Although absence from the stage and drug abuse had taken their toll, when listening to the recording of what has come to be known as Eric Clapton's "Rainbow Concert" it becomes clear just how much these two live appearances helped to reenergize him. The album, greatly improved in its remastered CD version (both in its sound quality and by its enhancement to more than twice the original number of tracks) opens with the first recorded live version of "Layla" - not quite as painfully torn as the original studio recording, but very powerful and gaining special impact by being played by no less than three outstanding guitarists. From there, it's a tour de force through some of the best song material existing at the time, most of it concert staples of Clapton's to this day. His voice and guitar play are rough, edgy - maybe a tad restrained by his standards, but still on a level other musicians would kill for if they could achieve it. In addition to songs from Clapton's own albums (with his various bands and from his self-titled and, at the time, only solo release; covers such as J.J. Cale's "After Midnight" and songs written by Clapton himself: "Badge," "Blues Power," "Bell Bottom Blues" and more), the band also gives a very soulful rendition of Jimi Hendrix's "Little Wing," Steve Winwood steps back as lead vocalist in Eric Clapton's favor for Blind Faith's "Presence of the Lord" and Traffic's "Pearly Queen," and "Key to the Highway" becomes almost the blues jam session it has been during the recording sessions for the "Layla" album (now available on the remastered version of that album and first released as part of the 1988 "Crossroads" box set).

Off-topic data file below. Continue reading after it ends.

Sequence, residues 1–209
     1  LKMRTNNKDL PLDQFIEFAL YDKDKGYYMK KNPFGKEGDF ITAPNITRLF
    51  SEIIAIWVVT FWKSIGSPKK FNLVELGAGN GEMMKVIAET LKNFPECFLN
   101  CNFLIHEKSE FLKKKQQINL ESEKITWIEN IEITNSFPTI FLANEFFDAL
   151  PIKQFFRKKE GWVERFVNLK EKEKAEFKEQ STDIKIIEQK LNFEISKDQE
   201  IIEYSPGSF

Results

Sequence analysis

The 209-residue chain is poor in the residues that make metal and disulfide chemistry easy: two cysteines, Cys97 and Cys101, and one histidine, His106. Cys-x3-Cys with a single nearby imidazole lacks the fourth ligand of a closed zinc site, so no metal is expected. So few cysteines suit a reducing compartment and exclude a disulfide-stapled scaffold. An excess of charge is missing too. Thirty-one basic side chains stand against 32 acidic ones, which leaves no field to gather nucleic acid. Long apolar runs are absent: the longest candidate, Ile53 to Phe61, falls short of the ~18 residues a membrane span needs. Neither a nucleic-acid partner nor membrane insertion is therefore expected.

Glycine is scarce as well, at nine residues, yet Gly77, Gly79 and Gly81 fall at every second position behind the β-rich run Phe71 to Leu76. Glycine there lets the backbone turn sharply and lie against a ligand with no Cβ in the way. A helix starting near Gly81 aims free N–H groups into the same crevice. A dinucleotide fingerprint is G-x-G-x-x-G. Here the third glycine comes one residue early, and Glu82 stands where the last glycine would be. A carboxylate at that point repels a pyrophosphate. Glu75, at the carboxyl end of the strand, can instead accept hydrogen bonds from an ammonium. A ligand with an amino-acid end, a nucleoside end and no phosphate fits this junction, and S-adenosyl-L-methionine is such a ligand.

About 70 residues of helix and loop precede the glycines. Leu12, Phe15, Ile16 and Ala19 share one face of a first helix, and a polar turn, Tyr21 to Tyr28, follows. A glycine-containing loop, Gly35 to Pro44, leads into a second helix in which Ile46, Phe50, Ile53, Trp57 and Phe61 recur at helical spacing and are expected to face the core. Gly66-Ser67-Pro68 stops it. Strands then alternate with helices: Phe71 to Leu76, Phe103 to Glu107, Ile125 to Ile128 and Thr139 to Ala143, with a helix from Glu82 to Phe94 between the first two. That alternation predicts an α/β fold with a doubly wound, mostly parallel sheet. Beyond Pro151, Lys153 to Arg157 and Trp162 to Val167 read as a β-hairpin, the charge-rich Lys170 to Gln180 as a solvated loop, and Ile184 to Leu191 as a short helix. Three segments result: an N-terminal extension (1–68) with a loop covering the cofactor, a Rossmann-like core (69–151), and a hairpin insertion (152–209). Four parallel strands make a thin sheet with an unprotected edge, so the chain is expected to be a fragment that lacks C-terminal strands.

Throughout the recording, the genuine camaraderie of the eight musicians is obvious; evidenced by Townshend's introduction of the band (purposely neglecting to mention Eric Clapton at first and then, having been "reminded" by Clapton's persistent fiddling about on his guitar, adding, "Oh yeah ... and Eric Clapton on third rhythm guitar!") and by a number of other jokes. At the end of the show, Clapton asked the audience in a moved voice to thank Pete Townshend "because I wouldn't have done it if it hadn't been for him." And although his struggle out of addiction had only begun and it would take him over another year to record what would become his breakthrough solo album ("461 Ocean Boulevard"), the two nights at London's Rainbow Theatre stand as the beginning of that process, and Eric Clapton's return to the stage. The rest, as they say, is history ...
Layla and Other Assorted Love Songs
One More Car: One More Rider (CD & DVD Set)
Riding with the King"
EC Comes Back
Thomas Magnum | NJ, USA | 07/26/2001
(5 out of 5 stars)